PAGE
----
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Comments (23)

  1. B.L. Stonaker

    ♡ This is a beautiful and very relevant follow up piece. I couldn’t agree more with the points made. It is a victory, indeed.

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  2. Heike

    Thank you so much for this. More people need to know that recovery is not finite, it’s a process. Strength to you on your journey to health and happiness.

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  3. Em

    Thanks so much for sharing this! I just returned to therapy myself and while its a tough thing to face, I’m feeling great now.

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    1. Joy A.

      I’m doing so much better myself now that I’ve been back for a while. Sometimes I think maybe we don’t even realize how much we need the extra help until we’re looking back. Stay strong on this journey, my friend!

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  4. Beth

    This came at the perfect moment for me. The story is not over yet and I can determine the ending, by God’s grace. Thank you.

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    1. Joy A.

      Our stories are never over. I try to remind myself of this every day. Wherever we’re at on any given day, we have the power to chose where we go from there. Remembering always that we are loved greatly, by other people and by the face of love Himself. I’m right there with you!

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  5. Bethan

    Very beautiful and well said ❤️

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  6. Jeanne

    How ironic that I read your post today. I’m at my lowest today that I have been for some time. I was feeling embarrassed and frustrated that I needed help again. Then I read this. I realize I need to make the call. And I shouldn’t be ashamed. Thanks for the post.

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    1. Joy A.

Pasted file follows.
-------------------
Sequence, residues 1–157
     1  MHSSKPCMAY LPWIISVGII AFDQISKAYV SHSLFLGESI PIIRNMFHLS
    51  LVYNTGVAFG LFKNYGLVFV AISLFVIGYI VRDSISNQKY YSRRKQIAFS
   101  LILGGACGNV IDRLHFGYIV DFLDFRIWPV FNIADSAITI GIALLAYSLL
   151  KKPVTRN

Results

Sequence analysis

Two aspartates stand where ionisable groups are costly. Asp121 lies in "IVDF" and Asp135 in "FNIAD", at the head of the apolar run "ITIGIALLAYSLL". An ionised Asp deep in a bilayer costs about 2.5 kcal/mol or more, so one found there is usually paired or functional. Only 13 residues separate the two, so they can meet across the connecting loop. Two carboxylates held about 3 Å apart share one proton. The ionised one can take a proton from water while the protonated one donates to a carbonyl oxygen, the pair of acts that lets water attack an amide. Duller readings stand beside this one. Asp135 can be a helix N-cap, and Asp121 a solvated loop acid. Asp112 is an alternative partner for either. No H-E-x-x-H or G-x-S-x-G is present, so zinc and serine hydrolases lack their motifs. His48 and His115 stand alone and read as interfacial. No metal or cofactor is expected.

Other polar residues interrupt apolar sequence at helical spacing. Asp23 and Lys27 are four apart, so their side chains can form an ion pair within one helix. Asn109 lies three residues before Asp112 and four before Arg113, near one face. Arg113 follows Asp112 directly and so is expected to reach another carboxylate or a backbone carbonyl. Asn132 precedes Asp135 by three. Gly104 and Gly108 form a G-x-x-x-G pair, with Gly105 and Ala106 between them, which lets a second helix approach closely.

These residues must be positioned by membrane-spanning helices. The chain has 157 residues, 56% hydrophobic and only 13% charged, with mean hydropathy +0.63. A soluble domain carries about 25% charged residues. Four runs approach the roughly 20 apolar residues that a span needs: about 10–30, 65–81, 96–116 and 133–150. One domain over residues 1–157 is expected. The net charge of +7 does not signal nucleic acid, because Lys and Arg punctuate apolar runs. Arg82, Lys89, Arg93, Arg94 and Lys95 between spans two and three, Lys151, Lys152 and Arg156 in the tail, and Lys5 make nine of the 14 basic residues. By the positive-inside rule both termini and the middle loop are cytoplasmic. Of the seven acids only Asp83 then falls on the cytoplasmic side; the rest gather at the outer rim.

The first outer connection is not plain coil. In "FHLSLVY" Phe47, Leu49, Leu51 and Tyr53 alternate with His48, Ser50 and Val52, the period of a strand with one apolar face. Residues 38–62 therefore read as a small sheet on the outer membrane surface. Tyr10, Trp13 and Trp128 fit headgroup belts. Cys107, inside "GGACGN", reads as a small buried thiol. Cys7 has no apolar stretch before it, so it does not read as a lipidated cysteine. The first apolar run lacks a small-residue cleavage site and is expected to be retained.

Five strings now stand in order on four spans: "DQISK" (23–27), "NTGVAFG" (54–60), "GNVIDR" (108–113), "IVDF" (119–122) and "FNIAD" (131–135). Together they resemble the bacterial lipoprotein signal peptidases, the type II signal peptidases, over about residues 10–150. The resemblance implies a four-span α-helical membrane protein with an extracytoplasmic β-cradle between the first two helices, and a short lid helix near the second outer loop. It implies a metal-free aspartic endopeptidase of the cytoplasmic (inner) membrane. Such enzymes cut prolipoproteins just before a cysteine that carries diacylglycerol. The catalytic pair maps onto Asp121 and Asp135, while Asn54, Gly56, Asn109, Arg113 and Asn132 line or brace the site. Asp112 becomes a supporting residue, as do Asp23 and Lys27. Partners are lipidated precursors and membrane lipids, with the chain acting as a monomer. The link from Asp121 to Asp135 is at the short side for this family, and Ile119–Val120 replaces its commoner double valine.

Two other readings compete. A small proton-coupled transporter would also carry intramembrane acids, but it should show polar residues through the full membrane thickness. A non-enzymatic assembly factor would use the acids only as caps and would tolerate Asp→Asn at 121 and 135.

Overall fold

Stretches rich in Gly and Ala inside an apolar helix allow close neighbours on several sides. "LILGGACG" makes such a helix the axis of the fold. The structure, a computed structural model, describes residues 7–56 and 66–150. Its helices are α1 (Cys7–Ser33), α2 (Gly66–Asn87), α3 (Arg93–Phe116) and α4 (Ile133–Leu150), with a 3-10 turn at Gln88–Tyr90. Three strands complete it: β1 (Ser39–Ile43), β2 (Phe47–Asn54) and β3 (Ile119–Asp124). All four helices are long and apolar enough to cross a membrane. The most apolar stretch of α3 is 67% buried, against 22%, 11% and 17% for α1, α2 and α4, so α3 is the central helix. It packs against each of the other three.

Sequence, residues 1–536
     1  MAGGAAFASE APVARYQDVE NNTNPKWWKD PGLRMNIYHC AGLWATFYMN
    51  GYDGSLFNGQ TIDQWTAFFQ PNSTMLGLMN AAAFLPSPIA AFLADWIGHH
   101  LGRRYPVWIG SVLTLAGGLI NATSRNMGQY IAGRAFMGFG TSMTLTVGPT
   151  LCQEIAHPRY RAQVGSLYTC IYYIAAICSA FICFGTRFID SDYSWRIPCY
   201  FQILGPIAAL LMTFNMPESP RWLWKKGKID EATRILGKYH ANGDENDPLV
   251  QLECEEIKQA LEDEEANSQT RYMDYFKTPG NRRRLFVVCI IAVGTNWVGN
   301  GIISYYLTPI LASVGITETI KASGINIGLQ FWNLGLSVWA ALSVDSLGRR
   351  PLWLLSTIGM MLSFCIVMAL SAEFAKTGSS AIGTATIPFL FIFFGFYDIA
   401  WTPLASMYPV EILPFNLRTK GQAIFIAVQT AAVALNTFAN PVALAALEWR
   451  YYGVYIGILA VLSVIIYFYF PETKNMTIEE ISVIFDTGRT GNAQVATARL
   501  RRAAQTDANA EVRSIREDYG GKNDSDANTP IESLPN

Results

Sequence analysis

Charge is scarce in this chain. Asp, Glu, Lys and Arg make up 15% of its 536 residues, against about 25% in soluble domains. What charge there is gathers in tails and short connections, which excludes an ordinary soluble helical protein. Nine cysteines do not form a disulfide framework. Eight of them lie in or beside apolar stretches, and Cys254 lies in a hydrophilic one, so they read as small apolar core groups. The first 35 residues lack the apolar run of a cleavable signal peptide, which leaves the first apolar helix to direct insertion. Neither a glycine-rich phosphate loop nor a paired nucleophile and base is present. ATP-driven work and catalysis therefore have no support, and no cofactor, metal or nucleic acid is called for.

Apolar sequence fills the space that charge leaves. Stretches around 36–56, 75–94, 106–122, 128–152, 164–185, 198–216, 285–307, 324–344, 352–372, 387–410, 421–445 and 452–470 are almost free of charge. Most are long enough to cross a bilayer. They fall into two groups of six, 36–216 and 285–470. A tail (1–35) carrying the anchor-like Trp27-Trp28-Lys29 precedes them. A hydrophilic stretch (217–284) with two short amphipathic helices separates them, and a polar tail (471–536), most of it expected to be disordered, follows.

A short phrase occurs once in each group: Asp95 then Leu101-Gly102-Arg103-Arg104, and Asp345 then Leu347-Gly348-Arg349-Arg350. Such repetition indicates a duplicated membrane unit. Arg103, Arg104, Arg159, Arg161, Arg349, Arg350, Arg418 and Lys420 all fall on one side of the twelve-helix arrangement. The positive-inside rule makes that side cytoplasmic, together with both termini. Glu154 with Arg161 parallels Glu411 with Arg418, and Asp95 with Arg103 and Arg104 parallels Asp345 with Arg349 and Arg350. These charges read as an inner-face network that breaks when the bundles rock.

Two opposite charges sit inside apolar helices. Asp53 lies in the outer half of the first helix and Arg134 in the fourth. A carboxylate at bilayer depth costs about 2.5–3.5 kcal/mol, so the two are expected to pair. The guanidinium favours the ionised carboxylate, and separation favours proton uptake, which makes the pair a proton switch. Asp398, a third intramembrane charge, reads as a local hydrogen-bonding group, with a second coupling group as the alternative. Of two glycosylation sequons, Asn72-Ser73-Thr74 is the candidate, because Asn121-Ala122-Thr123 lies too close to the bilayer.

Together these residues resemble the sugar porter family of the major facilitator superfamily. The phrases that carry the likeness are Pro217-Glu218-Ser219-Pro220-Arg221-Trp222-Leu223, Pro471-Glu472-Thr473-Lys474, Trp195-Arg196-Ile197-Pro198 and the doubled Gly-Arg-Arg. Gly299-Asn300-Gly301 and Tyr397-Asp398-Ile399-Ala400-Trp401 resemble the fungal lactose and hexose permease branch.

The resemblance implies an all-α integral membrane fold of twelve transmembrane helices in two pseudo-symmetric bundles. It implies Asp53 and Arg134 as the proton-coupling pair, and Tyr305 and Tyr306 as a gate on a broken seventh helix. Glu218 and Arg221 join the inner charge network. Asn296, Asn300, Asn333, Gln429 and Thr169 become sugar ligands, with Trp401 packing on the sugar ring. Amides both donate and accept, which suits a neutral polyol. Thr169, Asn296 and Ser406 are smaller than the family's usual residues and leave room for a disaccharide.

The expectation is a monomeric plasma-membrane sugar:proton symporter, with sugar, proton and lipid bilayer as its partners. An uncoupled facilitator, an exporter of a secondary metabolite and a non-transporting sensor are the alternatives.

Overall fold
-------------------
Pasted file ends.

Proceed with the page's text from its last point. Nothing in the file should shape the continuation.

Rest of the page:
I’m so glad it reached you today, of all days. Sometimes the hardest thing for me to do is to admit that even though I’ve made progress, I’m never going to arrive. It’s OK to still be a work in progress. I’m glad you’re choosing the healthy thing. I’m fighting with you!

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  7. Lee

    Joy I really needed to hear this today. I’m 10 years from my last hospitalization, 19 years sober, half a decade from my last visit to therapy, down from 5 meds to 1, and today I’m back to where I was emotionally before all that recovery success. I’m angry that depression is here again, and I can’t imagine walking through all this pain one more time. I heard in an AA meeting recently, “I may have another run in me, but I don’t think I have another recovery in me.” I feel that way about this disease today; you win, I don’t have another recovery in me. So regardless of how I felt, I made a call to a new therapist, went to a meeting, called friends in recovery, and shared what is going on in my head. I’m pretty sure I’ll go to bed sober, smoke free, and without any new ___ on my body tonight. That will have to be good enough. I can always chose differently tomorrow, but today I’ll chose me just in case tomorrow is a better day.

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  8. Staci

    Wow excellent post & encouragement. I feel in a similar spot w considering going back to therapy as being a failure, but you are right in that it’s actually a success in prevention & further healing. Thank you!

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  9. Alley Cat

    I went back to therapy for the first time in years last week. And it felt like a failure to me. As if all the time I had spent working through my issues previously was for nothing. Thank you, from the bottom of my heart, for helping me to see this as a win and not a failure.

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    1. Joy A.